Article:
Think of this as Volume 16, Number 2 of A-Clue.com, the online newsletter I've written since 1997. Enjoy.
Think about it.
The South and the “Lost Cause” were culturally ascendant after the Civil War, even as the grave closed over the Confederacy.
Populist-fueled racism became a popular cultural expression after progressives captured the flag in the 1890s. See “The Birth of a Nation” for a fine example from that era.
The 1930s and 1940s saw a very conservative culture, which you can see in the movies of that era. I might point specifically to the Andy Hardy-Judy Garland movies for its truest expression.
The 1960s were all about the rise of Leftist culture. Funny how the sideburns suddenly start growing across the establishment after Nixon won in 1972.
Today I see another turn happening all around me. My kids are a lot more like those of the 1930s than they're like me. Even the “Occupy Wall Street” movement was well-behaved. It was the police over-reaction to peaceful protest that said otherwise. And did you notice the lack of reaction to that over-reaction? In a cultural sense, we're very respectful of authority these days.
Tebow is the ultimate expression of muscular Christianity. He is a man who lives his values, and they're values that even Rick Santorum would approve of. He defies our expectations in a throwback sort of way, a run-first quarterback throwing himself into the line. Sort of like a Republican Muhammad Ali, and I'm very afraid he may wind up the same way, a victim of repeated head trauma, old before his time.
I'm seeing similar expressions across the culture. What are the biggest movie hits of the last few years? Why, it's the “Twilight” franchise, in which a young girl swoons before a strong, masculine presence. Our most popular musicians, like Jay Z and Bruno Mars, are self-consciously consumer products, careerist, careful in how they live, careful with their money.
What I find most fascinating about the Tea Party is not how reactionary it's been, but how ineffective. The Congress and governors elected by that movement in 2010 are now almost universally mocked, much as hippies were derided 40 years ago. We don't need Spiro Agnew, they write their own lines. Here's one – will someone get this guy a joint and a paisley flag, please?
It makes sense. Culture tends to act best in opposition. If we don't have anything to be angry about, we really do stagnate.
You know what the fellow said – in Italy, for thirty years under the Borgias, they had warfare, terror, murder and bloodshed, but they produced Michelangelo, Leonardo da Vinci and the Renaissance. In Switzerland, they had brotherly love, they had five hundred years of democracy and peace – and what did that produce? The cuckoo clock.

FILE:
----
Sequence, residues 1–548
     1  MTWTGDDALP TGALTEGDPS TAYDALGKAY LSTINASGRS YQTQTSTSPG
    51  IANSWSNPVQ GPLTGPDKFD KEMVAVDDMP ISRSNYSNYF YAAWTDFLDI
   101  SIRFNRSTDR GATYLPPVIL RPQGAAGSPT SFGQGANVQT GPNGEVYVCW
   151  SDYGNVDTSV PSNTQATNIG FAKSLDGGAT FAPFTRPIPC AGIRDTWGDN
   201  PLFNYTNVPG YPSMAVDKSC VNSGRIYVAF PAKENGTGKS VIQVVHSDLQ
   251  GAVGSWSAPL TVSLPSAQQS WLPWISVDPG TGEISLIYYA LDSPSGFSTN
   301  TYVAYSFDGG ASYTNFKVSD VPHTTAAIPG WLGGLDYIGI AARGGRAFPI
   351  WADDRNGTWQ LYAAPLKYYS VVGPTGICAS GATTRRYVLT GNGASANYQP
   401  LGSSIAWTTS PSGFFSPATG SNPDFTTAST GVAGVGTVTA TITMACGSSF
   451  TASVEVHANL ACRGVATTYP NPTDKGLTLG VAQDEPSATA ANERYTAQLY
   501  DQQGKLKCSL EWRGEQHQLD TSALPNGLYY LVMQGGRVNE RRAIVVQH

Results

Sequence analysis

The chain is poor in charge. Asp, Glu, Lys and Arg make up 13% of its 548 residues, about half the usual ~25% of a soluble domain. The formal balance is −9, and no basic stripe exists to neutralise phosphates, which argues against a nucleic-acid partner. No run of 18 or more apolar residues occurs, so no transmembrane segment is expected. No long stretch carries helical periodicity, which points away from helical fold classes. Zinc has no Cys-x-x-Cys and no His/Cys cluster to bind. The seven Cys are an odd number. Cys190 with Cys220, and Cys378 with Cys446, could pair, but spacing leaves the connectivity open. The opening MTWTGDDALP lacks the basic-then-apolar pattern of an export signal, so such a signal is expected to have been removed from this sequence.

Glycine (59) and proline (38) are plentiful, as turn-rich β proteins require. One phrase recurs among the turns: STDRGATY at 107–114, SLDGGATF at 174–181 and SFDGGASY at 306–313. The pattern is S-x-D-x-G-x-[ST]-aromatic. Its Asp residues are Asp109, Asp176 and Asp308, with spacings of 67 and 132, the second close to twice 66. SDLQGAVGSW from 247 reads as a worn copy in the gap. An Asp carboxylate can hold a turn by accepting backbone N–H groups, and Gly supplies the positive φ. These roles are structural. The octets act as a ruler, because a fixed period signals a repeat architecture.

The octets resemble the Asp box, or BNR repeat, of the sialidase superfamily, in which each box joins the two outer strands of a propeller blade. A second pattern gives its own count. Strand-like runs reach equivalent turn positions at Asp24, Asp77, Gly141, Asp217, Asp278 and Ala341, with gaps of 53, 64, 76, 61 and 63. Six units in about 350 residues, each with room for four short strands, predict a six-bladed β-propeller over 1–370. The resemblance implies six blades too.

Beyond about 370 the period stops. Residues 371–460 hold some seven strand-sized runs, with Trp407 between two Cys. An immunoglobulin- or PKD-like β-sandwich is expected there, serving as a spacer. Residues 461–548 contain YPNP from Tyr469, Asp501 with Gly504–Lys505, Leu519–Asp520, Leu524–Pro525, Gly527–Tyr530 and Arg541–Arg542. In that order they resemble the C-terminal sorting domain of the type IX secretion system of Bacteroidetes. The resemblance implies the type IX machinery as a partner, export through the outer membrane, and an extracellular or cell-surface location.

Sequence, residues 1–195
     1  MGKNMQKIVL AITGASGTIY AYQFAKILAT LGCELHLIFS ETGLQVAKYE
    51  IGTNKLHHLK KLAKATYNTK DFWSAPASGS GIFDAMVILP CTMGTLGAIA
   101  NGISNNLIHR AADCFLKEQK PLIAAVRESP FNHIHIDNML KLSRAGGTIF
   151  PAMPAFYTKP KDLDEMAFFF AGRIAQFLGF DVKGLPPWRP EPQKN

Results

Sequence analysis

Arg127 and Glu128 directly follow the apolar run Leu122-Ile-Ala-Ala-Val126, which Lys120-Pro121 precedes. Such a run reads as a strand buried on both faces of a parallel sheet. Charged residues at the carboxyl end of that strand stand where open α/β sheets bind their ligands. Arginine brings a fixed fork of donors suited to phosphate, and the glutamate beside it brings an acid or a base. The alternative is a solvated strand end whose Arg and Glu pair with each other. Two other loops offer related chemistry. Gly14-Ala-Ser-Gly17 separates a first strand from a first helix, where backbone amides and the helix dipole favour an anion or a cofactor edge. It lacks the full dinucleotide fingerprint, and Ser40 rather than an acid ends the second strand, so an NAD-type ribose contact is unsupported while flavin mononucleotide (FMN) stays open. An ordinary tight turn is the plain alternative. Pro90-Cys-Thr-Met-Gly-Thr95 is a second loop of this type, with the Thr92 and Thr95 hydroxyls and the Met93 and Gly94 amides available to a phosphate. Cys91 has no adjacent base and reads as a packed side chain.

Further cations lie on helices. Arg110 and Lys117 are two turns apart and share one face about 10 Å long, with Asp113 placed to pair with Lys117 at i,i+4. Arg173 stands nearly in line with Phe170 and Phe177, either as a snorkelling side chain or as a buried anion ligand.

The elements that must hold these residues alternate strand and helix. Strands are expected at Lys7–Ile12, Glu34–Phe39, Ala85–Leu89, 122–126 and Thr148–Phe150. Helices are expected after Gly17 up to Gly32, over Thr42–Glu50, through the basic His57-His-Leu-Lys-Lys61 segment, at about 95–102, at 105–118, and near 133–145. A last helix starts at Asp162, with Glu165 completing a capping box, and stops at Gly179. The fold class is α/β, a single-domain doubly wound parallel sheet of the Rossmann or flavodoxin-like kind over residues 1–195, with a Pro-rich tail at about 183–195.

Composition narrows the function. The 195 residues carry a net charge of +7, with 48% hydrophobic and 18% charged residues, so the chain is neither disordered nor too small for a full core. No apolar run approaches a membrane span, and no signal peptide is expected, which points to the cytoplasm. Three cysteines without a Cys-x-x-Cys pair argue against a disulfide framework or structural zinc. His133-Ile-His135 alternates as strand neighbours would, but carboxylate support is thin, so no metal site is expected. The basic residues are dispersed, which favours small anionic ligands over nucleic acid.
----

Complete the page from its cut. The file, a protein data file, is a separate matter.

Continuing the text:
Yes, I'm over-generalizing, and so was Welles. But you get the point. Culture acts in reaction to what is going on around it, especially in America. When politics zigs, culture zags, maybe because middle class values are so busy zigging.
I began my essays on history here almost 8 years ago now, soon after watching Howard Dean get hammered by a Democratic Party unwilling to even conceive it could successfully oppose the War in Iraq. My inquiry was inspired, first, by Dr. Gilbert Cuthbertson (left), who taught me at Rice University that all politics can be explained by a single equation, MVP, myth times values equals power.
What I found, during this real-time examination of the history taking place before me, is that American politics moves in generational arcs for a reason, and that era is, at its center, economic. Economic forces that feel threatened will, while still riding high, seize control of the political wheel, in order to cement their power against the rising tide.
But that tide overwhelms them. The South's desire for an economy based on human sweat was trumped by northern manufacturing. Wall Street's desire for an economy of monopolies and trusts was trumped by the need for reliable prices on manufacturing inputs. Mass production, in turn, finally found it could only succeed with mass consumption, that too many goods and too few buyers meant deflation and ruin.
Similarly, in the 1960s, manufacturers like Robert McNamara of Ford Motor ruled our world, but were trumped by the needs of the rising technology and content economies. And in our time, oil billionaires bought our politics just as it was becoming obvious that alternative supplies of energy were needed.
What Doc C saw as central I have concluded was secondary. Economics drives the train. What I first wrote of several years ago as “The War Against Oil” is really just a new economy being born. It does not require political permission to be born. Solar energy will become the cheap energy in this decade, and those politicians who seize that reality will triumph, while those who rage against the dying of the oil lamp will go under.
You want a good analogy to Tim Tebow? OK. Joe Namath. And no matter what happens in Foxboro this weekend, I guarantee you that Madison Avenue will run with that, and score.
No one understands zeitgeist like an ad man.